As companies scramble to comply with upcoming federal rules on COVID-19 vaccines and testing, some state lawmakers are preparing to grant more exemptions to Pennsylvania workers.
On Tuesday, Sen. Doug Mastriano, R-Adams, and Sen. Chris Gebhard, R-Lebanon, introduced a bill that would exempt workers from vaccine rules if they could occasionally provide antibody test results. The bill, first discussed in October, has several co-sponsors, including Senator Judy Ward, R-Blair, of the Senate Committee on Health and Social Services.
The proposal would free workers from vaccine requirements if they provide a negative test every two weeks, or “Proof of immunity” in the form of an antibody test every three months – an indication that a previously infected person is still showing an immune response.
“For decades, scientists have recognized the ability of the human body to naturally repel disease”, the sponsors said in a memo.
The Centers for Disease Control recommends vaccination even for people already infected with the disease.
The Senate proposal comes as employers brace for a federal workplace safety rule that would mandate vaccines and tests for large businesses. The rule – issued by the Occupational Safety and Health Administration after an order from President Joe Biden – requires companies with more than 100 employees to require vaccinations or weekly tests for workers.
The order has been in limbo as Republican-led state governments file a lawsuit to stop it. A federal appeals court approved the order’s entry into force in early February, but opponents are still seeking to block it, citing unfair pressure on employers.
Federal safety officials have loosened expectations amid the standoff, noting that employers making a good faith effort to follow the rule will not be punished if they don’t immediately meet all the requirements.
Some states, meanwhile, have made efforts to undermine the rule before it goes into effect. In Florida last month, the state government banned employers from issuing vaccination warrants.
State lawmakers, U.S. senators and an array of activist groups are rushing to play down the financial blow to student loan borrowers as Biden pushes the repayment deadline for another three months.
Progressive activists and lawmakers have long called for an extended hiatus or outright cancellation of federal student loan repayments, which were scheduled to resume on February 1 before Biden announced an extension on Wednesday. Borrowers can now wait until May.
Americans in debt to federal student lenders have failed to repay their loans during much of the pandemic; during the election campaign last year, Biden pledged to write off thousands of dollars in debt per person.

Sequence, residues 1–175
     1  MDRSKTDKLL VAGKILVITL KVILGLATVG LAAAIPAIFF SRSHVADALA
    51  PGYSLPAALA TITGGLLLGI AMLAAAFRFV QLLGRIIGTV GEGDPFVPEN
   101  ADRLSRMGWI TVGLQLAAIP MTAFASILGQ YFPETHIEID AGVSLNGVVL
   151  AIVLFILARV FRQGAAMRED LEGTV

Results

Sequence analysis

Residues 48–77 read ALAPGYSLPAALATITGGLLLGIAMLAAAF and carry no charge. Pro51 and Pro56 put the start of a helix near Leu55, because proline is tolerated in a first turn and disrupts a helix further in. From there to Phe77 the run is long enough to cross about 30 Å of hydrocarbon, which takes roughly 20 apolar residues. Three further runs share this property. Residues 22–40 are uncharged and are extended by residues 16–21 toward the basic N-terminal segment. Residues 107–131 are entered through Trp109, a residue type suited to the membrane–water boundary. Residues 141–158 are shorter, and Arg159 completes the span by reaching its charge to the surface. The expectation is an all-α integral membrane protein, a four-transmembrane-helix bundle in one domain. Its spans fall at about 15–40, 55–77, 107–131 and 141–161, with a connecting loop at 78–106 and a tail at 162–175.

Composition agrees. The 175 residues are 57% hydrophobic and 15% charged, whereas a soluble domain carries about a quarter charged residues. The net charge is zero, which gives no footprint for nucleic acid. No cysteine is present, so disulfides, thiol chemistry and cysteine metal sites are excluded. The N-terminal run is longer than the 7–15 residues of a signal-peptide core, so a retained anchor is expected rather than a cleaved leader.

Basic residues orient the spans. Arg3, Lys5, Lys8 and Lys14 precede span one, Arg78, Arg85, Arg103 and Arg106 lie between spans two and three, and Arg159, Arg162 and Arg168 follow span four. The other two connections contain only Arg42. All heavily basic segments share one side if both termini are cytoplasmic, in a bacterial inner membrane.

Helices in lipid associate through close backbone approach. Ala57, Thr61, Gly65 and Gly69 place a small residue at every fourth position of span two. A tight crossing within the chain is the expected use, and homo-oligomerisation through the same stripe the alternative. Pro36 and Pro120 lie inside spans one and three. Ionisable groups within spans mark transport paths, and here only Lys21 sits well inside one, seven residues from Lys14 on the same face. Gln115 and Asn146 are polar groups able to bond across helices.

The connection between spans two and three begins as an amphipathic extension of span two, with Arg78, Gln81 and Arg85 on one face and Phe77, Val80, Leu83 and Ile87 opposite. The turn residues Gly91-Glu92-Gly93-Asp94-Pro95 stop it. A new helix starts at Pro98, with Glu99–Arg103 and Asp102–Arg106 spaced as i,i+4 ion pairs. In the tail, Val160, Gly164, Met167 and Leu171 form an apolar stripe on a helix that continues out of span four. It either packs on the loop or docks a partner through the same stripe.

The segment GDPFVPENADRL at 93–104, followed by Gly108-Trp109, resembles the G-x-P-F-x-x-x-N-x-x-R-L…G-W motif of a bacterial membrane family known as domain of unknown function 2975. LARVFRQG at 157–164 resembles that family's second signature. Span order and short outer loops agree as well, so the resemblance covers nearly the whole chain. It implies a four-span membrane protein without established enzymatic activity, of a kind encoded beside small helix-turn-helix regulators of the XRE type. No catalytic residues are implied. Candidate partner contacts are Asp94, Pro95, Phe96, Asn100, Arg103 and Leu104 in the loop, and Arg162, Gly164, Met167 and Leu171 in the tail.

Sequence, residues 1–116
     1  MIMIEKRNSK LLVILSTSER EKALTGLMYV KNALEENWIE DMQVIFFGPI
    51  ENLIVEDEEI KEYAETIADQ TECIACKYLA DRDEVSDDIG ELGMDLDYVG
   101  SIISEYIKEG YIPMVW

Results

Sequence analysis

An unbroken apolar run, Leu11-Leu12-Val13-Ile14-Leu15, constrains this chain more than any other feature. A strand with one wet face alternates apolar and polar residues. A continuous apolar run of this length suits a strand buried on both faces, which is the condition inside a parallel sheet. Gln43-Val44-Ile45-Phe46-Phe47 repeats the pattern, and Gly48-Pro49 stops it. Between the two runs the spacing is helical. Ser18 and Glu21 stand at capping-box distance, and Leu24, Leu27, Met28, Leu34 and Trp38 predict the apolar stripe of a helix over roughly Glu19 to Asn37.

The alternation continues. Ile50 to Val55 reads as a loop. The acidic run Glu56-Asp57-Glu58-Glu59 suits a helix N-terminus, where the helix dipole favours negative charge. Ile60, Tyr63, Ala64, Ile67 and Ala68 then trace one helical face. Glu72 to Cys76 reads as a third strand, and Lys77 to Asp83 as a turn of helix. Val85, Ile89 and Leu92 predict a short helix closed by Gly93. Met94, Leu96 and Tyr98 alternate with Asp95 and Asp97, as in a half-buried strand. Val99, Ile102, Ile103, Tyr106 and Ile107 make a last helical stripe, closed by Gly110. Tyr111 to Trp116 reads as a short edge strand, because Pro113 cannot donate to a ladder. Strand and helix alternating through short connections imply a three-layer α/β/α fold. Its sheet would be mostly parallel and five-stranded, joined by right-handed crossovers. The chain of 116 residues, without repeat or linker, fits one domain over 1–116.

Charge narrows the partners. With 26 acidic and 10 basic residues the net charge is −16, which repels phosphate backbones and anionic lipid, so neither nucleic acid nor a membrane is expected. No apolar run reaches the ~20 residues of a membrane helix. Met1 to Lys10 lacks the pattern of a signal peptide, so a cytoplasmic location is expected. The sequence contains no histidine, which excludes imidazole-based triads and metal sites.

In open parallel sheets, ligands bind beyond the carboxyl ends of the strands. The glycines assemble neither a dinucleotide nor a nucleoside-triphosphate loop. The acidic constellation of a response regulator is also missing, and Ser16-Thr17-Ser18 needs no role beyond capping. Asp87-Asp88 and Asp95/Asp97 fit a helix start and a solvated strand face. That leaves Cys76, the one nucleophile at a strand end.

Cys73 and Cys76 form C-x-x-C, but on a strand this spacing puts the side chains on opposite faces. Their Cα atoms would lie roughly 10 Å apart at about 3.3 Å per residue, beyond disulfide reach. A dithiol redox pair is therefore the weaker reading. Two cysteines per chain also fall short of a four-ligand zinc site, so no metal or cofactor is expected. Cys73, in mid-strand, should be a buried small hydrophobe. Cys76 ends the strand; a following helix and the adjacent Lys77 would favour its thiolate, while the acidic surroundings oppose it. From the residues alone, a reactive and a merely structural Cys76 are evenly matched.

At least one representative in Harrisburg is preparing to reduce this debt regardless of the repayment date.
This week, Representative Nick Pisciottano D-Allegheny proposed a bill to use money from the US state bailout to cover thousands of dollars in debt for those who attended certain colleges and schools. of trades.
The bill has four co-sponsors, although its future is uncertain in a GOP-controlled chamber.
“Pennsylvania student loan borrowers need help, and we have the capacity to provide some relief,” Pisciottano told his colleagues this week.
US senators, too, are asking for temporary relief. On Monday, 10 senators, including Senator Bob Casey, D-Pa., Signed a letter to the Department of Education calling for a long-term end to the wage garnishment for unpaid student loans.
Noting that more than 9 million Americans are in default on federal student loans, senators said harsh tactics – including seizing child tax credit payments and using aggressive collection agencies – hit the most vulnerable people in the country. The letter calls for an end to the wage garnishment as long as the COVID-19 pandemic continues.
At least one group affiliated with the Democrats say the congressional mapping process has hit a wall, with deadlines approaching in the coming weeks.
The National Redistricting Action Fund sued last week to shut down the process, effectively returning the case to state courts. If the group is successful, they would effectively repeat the situation in 2018, where the state Supreme Court drew its own map during a legislative deadlock.
Members of the General Assembly worked on their own maps, with some early versions potentially released to the press and released for public discussion. Lawmakers must redraw the map with 17 seats instead of the previous 18, due to Pennsylvania’s declining share of the national population.
State officials have given deadlines in December and January for the passage of the new card. County and state election officials need cards well in advance of the state’s May Congressional primaries.
In 2018, it wasn’t until mid-February that the Supreme Court released its own map.
Ryan Brown covers statewide politics for the Ogden newspapers. He can be contacted at [email protected]